The stigma plaguing the cannabis plant ever since the 1936 release of Reefer Madness is all but over. The most recent evidence? As of last week, polls show that 58 percent of California voters support Proposition 64, or the Adult Use Marijuana Act (AUMA)—the statewide initiative that, if passed this November, will legalize the recreational use of marijuana for everyone at least 21 years old in California.
But California is hard to predict when it comes to pot legalization. In 2010, 54 percent of voters rejected Proposition 19, the last cannabis-legalization measure. And according to Diane Goldstein, an executive board member of Law Enforcement Against Prohibition (LEAP), an unlikely coalition of law-enforcement brass and medical-marijuana groups including the Stoners Against Legalization still opposes AUMA.
If Prop. 64 passes, legal adults will be allowed to possess up to 28.5 grams of marijuana, 8 grams of concentrated cannabis or edibles, and up to six living cannabis plants. The proposal will also place a 15 percent tax on the sale of marijuana products. But don’t confuse AUMA with the Medical Cannabis Regulation and Safety Act (MCRSA), formerly known as the Medical Marijuana Regulation and Safety Act. The MCRSA is the comprehensive state licensing system for the commercial cultivation, manufacture, retail sale, transportation, distribution, delivery and testing of medical cannabis.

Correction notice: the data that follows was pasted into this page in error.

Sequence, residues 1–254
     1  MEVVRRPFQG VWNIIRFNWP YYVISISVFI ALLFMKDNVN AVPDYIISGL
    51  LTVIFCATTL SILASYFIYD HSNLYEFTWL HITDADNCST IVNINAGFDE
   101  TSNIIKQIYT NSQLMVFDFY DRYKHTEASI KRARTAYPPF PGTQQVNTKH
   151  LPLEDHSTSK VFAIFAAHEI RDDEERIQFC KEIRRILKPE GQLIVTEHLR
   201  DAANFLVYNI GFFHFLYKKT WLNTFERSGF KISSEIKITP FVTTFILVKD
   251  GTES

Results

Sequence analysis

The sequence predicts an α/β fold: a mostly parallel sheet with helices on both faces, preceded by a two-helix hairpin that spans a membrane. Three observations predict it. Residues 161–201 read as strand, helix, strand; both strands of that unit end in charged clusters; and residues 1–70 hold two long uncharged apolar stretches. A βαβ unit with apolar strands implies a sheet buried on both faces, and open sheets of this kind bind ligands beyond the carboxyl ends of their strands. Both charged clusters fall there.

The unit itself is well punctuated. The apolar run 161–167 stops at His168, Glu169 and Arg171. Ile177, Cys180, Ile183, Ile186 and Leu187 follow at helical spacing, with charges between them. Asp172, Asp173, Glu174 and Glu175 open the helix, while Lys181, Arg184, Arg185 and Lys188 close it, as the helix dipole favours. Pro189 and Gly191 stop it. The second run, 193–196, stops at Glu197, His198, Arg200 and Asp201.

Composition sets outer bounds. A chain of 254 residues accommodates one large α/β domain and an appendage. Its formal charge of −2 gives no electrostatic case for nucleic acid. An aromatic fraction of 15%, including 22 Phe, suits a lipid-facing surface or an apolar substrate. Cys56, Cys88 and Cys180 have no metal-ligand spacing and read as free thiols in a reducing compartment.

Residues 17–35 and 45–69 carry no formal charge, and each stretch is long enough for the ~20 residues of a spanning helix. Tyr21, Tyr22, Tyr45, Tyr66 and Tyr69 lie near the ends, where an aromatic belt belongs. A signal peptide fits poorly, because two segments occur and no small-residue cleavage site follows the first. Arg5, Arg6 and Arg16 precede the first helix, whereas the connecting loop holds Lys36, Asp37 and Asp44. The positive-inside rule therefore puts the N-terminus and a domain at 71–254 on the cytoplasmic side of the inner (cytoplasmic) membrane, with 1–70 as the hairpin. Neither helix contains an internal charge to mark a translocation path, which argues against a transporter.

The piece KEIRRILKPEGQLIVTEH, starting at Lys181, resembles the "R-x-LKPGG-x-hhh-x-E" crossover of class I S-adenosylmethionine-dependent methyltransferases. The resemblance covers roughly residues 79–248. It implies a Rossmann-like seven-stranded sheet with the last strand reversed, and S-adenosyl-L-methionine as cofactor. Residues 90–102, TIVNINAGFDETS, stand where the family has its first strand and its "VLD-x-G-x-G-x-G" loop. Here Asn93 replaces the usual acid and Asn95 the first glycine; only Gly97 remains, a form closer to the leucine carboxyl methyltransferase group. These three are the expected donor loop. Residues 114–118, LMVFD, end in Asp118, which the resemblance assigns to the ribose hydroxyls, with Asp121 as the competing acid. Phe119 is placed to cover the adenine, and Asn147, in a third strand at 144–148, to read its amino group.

“AUMA builds on the infrastructure of [MCRSA] legislation passed about a year ago for medical-marijuana regulation,” says Goldstein. “One of the reasons they did a recreational measure so close to the MCRSA is because it’s cheaper, more efficient and easier to build a system for adult and medical marijuana regulation at the same time—but they are very different.”
The state has said it will need until January 2018 to set up the necessary structures to begin issuing licenses for both medical- and adult-use cannabis businesses. In the interim, however, local governments have been given the opportunity to choose whether to adopt ordinances to permit or ban such businesses in preparation for state licensing.